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New romance novel set in Columbia

Romance author Laura Miller draws on her small-town experience in her latest novel. Photo courtesy of Marc Mayes

March 13, 2014 | 12:00 a.m. CST

The romance genre carries with it images of paperback pulp. These books line grocery store shelves with cover after cover featuring flowing satin robes and abs of steel softly lit as if shot through Vaseline-covered lenses. That’s not Laura Miller’s style.

The brand of romance Miller creates is more innocent than the typical fare. Beyond just soap opera drama, Miller writes love stories. Think more Nicholas Sparks and less Harlequin romance.

Miller published her first book on construction paper and bound it with staples. She was 8. At 12, Miller wrote about junior high sports for her local paper in New Haven, Mo., and her writing has evolved since. She also self-published each of her three novels.

A former journalist, Miller published her debut novel, Butterfly Weeds, in 2012. The book broke into Amazon’s Best Sellers list in October of that year. Miller’s latest novel, For All You Have Left, was released in February.

“For All You Have Left is really a small-town romance,” Miller says. “It’s really close to my heart. It was inspired by different places and circumstances I’ve dealt with in my life.”

Set in Columbia, Miller’s novel tells the story of Logan Cross. Four years after marrying her high school sweetheart, Cross finds herself at a pivotal point in her life and in the midst of falling for boy-next-door Jorgen Ryker. But both are hiding secrets that might keep the two from being together. “It really tells a story about first love and true love and battling between those two,” Miller says.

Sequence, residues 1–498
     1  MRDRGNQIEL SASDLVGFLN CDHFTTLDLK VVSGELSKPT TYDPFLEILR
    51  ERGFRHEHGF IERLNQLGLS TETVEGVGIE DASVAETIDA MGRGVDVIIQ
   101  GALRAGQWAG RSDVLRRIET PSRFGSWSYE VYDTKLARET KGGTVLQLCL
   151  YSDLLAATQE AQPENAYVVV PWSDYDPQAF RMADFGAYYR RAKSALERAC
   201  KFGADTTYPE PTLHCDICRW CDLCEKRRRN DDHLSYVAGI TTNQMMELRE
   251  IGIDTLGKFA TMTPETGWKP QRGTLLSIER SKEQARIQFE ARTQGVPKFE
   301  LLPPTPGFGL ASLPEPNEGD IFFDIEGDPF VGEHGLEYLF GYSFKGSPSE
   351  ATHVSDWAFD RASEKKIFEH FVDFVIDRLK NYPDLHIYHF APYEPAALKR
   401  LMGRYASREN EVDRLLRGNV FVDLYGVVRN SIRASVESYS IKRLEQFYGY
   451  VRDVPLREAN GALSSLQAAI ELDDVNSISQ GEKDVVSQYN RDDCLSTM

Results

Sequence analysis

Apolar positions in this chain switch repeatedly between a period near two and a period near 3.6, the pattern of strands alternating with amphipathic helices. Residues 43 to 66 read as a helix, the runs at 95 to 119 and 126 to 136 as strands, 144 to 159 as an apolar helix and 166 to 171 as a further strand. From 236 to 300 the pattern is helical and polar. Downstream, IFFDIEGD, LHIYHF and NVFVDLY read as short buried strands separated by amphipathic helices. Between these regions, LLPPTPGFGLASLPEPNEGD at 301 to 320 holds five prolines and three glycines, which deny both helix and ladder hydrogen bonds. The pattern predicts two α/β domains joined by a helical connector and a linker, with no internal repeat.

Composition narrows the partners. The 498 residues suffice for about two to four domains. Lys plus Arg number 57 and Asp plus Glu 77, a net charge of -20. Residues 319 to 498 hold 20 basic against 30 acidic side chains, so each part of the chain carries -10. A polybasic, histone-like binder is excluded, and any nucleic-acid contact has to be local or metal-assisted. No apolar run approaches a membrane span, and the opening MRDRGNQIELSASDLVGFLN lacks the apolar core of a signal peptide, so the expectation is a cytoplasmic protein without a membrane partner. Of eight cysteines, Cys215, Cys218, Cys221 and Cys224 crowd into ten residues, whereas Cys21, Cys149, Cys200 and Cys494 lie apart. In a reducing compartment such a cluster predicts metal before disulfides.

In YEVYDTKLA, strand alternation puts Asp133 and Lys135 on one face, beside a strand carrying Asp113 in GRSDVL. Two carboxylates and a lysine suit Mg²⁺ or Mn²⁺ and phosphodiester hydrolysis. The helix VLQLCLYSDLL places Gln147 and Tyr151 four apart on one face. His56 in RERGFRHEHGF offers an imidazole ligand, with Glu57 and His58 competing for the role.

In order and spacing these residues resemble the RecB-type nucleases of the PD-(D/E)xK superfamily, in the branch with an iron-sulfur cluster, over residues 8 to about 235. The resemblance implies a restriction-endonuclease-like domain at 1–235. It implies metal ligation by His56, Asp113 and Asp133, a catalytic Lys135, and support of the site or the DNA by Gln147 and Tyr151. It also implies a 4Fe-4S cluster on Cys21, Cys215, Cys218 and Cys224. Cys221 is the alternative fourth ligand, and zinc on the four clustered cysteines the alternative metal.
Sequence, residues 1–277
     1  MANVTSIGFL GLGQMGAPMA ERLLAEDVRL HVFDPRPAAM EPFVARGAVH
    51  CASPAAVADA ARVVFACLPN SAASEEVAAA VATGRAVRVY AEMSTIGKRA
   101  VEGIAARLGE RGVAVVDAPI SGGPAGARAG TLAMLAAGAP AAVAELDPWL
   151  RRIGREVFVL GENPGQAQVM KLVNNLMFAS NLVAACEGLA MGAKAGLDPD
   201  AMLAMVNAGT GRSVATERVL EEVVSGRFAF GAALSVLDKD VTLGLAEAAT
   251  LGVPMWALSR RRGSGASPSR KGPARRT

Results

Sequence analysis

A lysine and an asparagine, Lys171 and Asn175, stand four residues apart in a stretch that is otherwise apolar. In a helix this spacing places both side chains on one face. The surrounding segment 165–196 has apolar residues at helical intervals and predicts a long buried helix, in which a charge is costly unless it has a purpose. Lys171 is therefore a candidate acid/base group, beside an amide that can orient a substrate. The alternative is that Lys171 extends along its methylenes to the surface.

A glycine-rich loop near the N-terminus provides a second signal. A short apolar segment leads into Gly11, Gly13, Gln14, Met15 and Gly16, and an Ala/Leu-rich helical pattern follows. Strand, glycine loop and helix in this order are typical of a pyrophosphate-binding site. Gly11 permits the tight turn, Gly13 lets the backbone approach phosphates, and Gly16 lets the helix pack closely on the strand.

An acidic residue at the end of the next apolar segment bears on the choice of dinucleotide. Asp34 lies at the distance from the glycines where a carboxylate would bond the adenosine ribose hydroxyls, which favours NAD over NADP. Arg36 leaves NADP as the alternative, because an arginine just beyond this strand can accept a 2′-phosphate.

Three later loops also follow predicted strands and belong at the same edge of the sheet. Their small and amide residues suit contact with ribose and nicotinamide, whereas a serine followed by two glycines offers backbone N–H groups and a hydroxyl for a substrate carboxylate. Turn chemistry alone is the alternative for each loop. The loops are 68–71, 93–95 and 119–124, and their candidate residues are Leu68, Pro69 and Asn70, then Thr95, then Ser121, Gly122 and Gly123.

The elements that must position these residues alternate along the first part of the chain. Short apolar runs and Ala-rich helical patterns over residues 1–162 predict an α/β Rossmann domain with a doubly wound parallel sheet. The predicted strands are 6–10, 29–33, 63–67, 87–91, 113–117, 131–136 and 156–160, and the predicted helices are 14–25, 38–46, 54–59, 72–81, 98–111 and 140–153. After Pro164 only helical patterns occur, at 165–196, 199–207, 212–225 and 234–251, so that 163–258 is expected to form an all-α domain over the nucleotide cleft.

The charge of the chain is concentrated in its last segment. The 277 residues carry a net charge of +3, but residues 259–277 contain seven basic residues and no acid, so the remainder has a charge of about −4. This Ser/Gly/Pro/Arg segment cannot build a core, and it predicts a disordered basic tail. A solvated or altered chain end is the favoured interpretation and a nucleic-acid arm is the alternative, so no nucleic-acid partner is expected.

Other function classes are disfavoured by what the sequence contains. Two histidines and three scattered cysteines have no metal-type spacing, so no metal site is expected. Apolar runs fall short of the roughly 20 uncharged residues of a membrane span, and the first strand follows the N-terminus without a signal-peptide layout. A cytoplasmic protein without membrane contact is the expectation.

Raised in small-town Missouri, Miller knows provincial life well. She describes a magic found in the familiarity of small communities, something that she hopes to capture in her novels. “Everyone knows everyone else, and they become your family, whether you like it or not,” she says. “That’s where I grew up and where I came from, so it’s easy to write about small towns and small-town life.”

Miller moved to Columbia for college, where she earned a degree in journalism from MU. Her career in business journalism would turn to creative writing, but Miller still credits reporting for the research skills she needs to craft detailed worlds for her characters. Fiction is a completely different animal for her.

A time came when Miller had to choose between a stable career as a reporter or taking a chance in the uncertain world of publishing. During this time, the author’s husband, Neville Miller, whom she met while running track and field in college, was there to provide support.

“There was certainly a creative side of her that she wanted to explore,” Neville says. “And it’s really hard to do that after you’ve spent hours on hours reporting on council meetings.” It’s rewarding for Neville to see all of her daily research and marathon writing sessions come together. He sees her detailed writing style as a testament to a creative yet organized personality.

In its opening weeks, For All You Have Left has been greeted with glowing reviews from bloggers and critics. Erin Spencer, curator of the Southern Belle Book Blog, praised her novel for delivering a beautiful love story without the raunchy trappings typical of the genre and for Miller’s descriptive language.
“She just makes you feel like you’re living that moment,” Spencer says. “She just puts so much detail into everything.”

Vivid elements translate into strong characters, and Miller’s individual style repeatedly surfaces in reviews. Nancy Flores of the romance review blog Nancy’s Romance Reads praises Miller for creating a singular story that’s still relatable to the reader. Erica Chick of Gutter Girls Book Reviews notes Miller’s skill at crafting an emotional read that finds beauty in tragedy.

Still, Miller is hardly content to just sit back and simply receive praise. Not even a month after her most recent book release, she says she already has another in the works. Although she’s reluctant to give too much away at this point, Miller knows she’s ready to tell another love story.

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